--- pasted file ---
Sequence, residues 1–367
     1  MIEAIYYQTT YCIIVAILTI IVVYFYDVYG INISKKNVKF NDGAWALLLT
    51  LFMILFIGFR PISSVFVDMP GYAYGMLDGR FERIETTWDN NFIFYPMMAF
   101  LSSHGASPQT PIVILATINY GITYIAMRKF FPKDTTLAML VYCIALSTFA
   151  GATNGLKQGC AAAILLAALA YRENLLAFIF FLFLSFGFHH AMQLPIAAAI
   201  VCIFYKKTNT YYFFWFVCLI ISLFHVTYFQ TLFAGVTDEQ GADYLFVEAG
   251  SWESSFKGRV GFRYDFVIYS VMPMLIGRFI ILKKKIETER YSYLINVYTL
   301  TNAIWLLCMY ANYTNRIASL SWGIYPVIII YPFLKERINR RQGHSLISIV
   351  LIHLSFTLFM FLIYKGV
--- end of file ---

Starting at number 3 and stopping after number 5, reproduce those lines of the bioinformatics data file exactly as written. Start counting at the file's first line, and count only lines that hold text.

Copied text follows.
    51  LFMILFIGFR PISSVFVDMP GYAYGMLDGR FERIETTWDN NFIFYPMMAF
   101  LSSHGASPQT PIVILATINY GITYIAMRKF FPKDTTLAML VYCIALSTFA
   151  GATNGLKQGC AAAILLAALA YRENLLAFIF FLFLSFGFHH AMQLPIAAAI